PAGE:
Fiery confrontation in Kiev fuels fears for Ukraine

Radical elements on the rise as Yanukovich stymies mainstream opposition

A protester throws a Molotov cocktail during an anti-government protest in downtown Kiev, Ukraine, on January 20th, 2014. Hundreds of protesters carrying clubs and wearing gas masks faced riot police in Kiev a day after 200 people were injured in clashes. Photograph: Sergey Dolzhenko/EPA

A protester throws a Molotov cocktail during an anti-government protest in downtown Kiev, Ukraine, on January 20th, 2014. Hundreds of protesters carrying clubs and wearing gas masks faced riot police in Kiev a day after 200 people were injured in clashes. Photograph: Sergey Dolzhenko/EPA

Tue, Jan 21, 2014, 01:00

Hopes for a peaceful resolution to Ukraine’s crisis were dwindling last night, amid a fiery confrontation in Kiev and signs that radical elements were challenging mainstream politicians for influence over the opposition movement.

Anti-government demonstrators hurled petrol bombs and rocks at ranks of black-clad riot police throughout yesterday, across barricades built from the scorched carcasses of buses set ablaze during bloody rioting the previous evening. Police responded with stun grenades and rubber bullets.

As night fell and the temperature dropped towards minus 10 degrees, the crowd grew larger and Molotov cocktails and hissing fireworks rained more intensely on the raised shields of the police. Other protesters hammered out a relentless beat on oil drums and metal sheeting, unperturbed by the fierce flash and crack of grenades fired in return.

Two months of almost entirely peaceful protests centred on Kiev’s Independence Square, or Maidan, erupted into violence on Sunday, when several thousand activists marched about 500 metres from the square to challenge riot police blocking access to government headquarters and parliament.

“We just heard the same things from the opposition leaders on Sunday, the same empty promises from the stage on Maidan. A lot of people were sick of waiting for them to come up with a proper plan of action. And that’s why this happened,” said Taras, a protester from Kiev.

At the forefront of clashes between activists and police appears to be a loose alliance of ultra-nationalist groups called Right Sector, which has condemned the failure of the three main political parties to translate big street protests into decisive pressure on Ukraine’s leaders. Until now, the group has largely been associated with far-right football fans, but its growing prominence is symptomatic of an alarming polarisation in Ukrainian society.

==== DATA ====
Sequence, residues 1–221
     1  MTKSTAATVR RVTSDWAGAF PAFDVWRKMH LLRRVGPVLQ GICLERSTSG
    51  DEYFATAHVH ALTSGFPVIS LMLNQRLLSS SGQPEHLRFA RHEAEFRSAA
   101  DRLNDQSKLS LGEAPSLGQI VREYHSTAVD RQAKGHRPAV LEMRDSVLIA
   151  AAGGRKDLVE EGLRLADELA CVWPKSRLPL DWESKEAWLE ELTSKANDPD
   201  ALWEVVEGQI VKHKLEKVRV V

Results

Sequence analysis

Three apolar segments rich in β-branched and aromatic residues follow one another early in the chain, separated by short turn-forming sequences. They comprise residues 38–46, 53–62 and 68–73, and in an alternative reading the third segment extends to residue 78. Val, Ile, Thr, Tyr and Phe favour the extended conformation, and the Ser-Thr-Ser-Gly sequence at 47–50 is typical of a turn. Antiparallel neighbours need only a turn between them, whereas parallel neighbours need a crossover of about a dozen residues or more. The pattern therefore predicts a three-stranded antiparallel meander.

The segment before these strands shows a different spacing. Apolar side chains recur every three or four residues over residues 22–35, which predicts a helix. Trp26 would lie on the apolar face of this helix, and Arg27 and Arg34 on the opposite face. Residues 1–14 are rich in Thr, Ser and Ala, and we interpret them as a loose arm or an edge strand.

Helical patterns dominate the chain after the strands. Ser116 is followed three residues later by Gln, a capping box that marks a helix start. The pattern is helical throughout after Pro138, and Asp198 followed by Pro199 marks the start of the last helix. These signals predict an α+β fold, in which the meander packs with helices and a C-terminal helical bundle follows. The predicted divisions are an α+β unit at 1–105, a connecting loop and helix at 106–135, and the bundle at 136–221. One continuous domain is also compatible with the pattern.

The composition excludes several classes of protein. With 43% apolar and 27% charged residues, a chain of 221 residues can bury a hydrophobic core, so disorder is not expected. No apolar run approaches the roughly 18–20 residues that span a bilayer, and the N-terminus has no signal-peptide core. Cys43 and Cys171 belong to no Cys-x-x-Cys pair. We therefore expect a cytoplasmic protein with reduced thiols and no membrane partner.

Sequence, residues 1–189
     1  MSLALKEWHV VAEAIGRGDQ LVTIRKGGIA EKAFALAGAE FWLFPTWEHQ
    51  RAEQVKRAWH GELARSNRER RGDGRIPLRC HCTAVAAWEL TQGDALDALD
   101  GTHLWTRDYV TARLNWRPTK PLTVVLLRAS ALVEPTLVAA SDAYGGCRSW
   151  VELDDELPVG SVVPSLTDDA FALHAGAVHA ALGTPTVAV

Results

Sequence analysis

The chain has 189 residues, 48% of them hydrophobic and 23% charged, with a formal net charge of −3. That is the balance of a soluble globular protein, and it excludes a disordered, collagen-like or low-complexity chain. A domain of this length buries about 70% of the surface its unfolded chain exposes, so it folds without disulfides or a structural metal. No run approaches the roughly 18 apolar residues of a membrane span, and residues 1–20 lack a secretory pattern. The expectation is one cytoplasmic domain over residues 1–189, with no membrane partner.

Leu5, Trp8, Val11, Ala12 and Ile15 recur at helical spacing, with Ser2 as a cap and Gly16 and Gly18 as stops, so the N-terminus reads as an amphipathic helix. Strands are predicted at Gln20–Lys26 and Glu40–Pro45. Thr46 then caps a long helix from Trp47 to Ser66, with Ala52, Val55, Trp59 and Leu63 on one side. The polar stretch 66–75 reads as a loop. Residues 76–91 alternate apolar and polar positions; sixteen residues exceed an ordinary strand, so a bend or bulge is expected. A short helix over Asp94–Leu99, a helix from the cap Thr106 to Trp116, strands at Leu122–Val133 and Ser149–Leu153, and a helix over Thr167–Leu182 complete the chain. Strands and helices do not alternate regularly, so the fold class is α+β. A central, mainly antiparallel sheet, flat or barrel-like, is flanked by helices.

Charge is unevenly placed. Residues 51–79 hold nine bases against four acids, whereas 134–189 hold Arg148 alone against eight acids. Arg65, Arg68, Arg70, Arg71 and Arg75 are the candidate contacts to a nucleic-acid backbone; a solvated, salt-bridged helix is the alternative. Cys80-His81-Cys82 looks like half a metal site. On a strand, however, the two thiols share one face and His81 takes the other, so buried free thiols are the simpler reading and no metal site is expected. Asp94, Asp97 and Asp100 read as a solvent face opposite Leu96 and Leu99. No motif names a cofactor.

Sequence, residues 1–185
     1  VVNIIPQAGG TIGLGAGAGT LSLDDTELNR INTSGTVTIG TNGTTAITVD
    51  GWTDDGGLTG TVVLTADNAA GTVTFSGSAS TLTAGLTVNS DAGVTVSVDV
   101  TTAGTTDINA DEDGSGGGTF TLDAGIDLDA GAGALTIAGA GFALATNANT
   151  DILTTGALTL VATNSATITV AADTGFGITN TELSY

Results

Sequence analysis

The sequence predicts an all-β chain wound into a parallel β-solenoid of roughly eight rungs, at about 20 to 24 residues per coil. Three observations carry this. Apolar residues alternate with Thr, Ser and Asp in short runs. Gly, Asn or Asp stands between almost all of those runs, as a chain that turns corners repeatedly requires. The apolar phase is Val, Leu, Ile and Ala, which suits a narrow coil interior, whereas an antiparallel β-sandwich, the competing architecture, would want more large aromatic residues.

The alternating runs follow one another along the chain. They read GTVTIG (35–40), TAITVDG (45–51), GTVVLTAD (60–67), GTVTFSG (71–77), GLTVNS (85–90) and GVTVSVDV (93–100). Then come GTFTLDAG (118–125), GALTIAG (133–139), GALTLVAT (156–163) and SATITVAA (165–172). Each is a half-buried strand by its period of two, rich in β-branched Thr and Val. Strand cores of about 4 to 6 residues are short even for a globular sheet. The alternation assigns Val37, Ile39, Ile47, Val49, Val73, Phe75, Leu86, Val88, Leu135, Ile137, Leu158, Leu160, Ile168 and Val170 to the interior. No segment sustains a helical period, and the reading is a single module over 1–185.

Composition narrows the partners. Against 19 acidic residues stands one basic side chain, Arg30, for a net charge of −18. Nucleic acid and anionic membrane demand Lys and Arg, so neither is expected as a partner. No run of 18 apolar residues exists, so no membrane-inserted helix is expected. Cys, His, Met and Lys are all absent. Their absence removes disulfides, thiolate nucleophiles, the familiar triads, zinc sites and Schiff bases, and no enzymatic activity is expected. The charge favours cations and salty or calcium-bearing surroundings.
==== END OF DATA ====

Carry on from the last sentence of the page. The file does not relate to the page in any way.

The protests began in late November, when president Viktor Yanukovich – already dislike by many people for his alleged corruption and autocratic tendencies – rejected a historic deal with the European Union in favour of moves to repair ties with Russia. However, worries over Ukraine’s relations with the West have now taken a backseat to fears for the very future of its democracy, after Mr Yanukovich’s allies last week rushed through sweeping laws to criminalise a vast range of protest activity. The president has signed the legislation and it will come into effect once it is published in Ukraine’s official parliamentary newspaper.

Opposition parties said the legislation paves the way for the violent dispersal of the protest camp on Maidan, but their continuing failure to choose one overall leader or to find ways to effectively weaken Mr Yanukovich fuelled the frustration now exploding in Kiev.

The EU and US have criticised Mr Yanukovich’s handling of the crisis and urged him to resolve it peacefully. They have also condemned Ukraine’s new anti-protest laws. “It is the most solid package of repressive laws that I have seen enacted by a European parliament for decades,” said Swedish foreign minister Carl Bildt.

The anti-government rallies have been strongest in Kiev and western Ukraine, which favour integration with the EU, while eastern and southern areas with closer historical, cultural and linguistic ties with Russia are suspicious of both the opposition movement and Brussels.

Councils in western Ukraine have come out in support of the opposition – in the region’s main city Lviv, demonstrators blocked a riot police base to prevent reinforcements being sent to Kiev after Sunday’s violence, which injured about 200 people. “I do not rule out the chance of civil war,” said Vitaliy Klitschko, an opposition leader and former world boxing champion. “But we are doing everything we can to prevent bloodshed.”

Mr Klitschko appealed to the security services, saying that those who “don’t take part in violence against the people, who come out with the protesters” would be guaranteed immunity from prosecution.

Allies of Mr Yanukovich accuse the opposition of instigating unrest and dragging Ukraine towards conflict. “We must immediately stop this mass unrest . . . which fundamentally threaten Ukraine’s national security,” said prosecutor general Viktor Pshonka. “It is not just hooliganism. It is a crime against the state.”

Mr Yanukovich said last night the clashes were “a threat not only to the public in Kiev but all of Ukraine . . . I ask you not to follow those who urge violence, who are seeking to provoke a split between the state and society.”

Mr Yanukovich has suggested establishing a multi-party commission to resolve the crisis, but opposition leaders want to deal directly with him. “The situation has escalated,” said political analyst Volodymyr Fesenko. “There’s a radical mood and the authorities aren’t pleased. If they put more pressure on, there could be powerful resistance.”